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Haverhill company wins four-year Chinese counterfeit battle

A thriving Haverhill business is winning its battle against cheaper and illegal counterfeit products being sold on the internet.

Essential Nails, who serve thousands of beauty students around the world, have chased a Chinese copy of their core product off sites like Amazon and eBay.

Replicas of the nail trainer, which has revolutionised nail technician training around the globe, started to appear online at less than half of the retail price four years ago.

But after finally being granted a USA trademark, to go with their one in the European Union, the Manor Road-based company’s persistence has finally paid off.

Co-director John Grace said: “At first the counterfeit didn’t seem to affect us much.

“But over time it gained traction and we lost 60 per cent of our export business.

“Export is 40 per cent of our overall trade, so getting the counterfeit nail trainer off the world’s eBay and Amazon sites means students and nail companies are now coming back to us.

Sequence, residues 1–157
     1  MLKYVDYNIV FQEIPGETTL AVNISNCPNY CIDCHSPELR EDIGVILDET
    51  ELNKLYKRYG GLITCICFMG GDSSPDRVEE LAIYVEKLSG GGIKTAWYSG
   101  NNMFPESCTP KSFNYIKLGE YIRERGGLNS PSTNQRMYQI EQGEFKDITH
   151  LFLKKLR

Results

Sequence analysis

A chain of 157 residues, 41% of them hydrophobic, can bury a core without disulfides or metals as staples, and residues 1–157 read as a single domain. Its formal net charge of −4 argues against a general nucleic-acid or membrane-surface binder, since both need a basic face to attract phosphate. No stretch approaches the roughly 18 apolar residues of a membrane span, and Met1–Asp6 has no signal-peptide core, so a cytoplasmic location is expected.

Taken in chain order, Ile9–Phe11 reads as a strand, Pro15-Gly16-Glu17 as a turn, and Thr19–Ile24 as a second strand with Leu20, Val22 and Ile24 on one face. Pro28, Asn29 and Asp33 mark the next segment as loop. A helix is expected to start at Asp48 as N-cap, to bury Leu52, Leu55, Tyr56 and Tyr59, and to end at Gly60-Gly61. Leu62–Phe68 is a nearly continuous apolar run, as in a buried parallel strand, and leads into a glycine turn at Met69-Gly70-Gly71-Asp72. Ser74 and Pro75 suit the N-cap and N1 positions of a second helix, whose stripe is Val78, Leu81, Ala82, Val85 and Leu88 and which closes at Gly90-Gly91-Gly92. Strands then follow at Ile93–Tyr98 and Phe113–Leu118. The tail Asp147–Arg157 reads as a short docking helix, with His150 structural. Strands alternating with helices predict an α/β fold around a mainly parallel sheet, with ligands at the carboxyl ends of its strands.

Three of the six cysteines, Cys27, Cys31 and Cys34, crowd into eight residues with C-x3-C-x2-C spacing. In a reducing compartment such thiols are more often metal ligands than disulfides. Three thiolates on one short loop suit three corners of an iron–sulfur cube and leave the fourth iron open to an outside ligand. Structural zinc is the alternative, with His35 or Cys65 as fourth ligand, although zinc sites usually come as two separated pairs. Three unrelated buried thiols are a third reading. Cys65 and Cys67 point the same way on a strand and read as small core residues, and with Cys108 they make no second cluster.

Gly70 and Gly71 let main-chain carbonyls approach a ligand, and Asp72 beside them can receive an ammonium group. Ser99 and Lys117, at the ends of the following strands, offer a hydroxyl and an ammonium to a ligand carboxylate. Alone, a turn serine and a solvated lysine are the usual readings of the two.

“It’s given our sales a big boost, enabling us to get back into developing new intelligent beauty products and undertake new projects, like the nail shop at our Manor Road premises.

“We’ve sold around 300,000 Nail Trainers in recent years.

“Many graduates continue to practice and learn new techniques once they’ve qualified, so perhaps 20 per cent, around 60,000 are in use at any one time.”

Essential Nails informed the likes of Amazon and eBay that they were selling an illegal counterfeit and requested them to remove the product.

In the EU, the marketplaces generally responded well and removed the adverts.

Although fresh ads appeared, Essential maintained the flow of counterfeit reports and the marketplaces were kept clear.

Their campaign to chase off the replica was going well – apart from in the USA.

Amazon refused to respect the company’s patent as their USA policy is to only remove counterfeit products where the patent owner has sued the merchant in the courts.

But after receiving their USA trademark, the company used it as extra ammunition in their fight with Amazon.

Within a couple of weeks of the USA presidential election, Amazon USA informed Essential Nails that they would be removing all adverts for the Chinese copy.

Mr Grace said: “This proves that if you dig your heels in and keep at it, these illegal counterfeits can be beaten.

“British manufacturers should take heart.”

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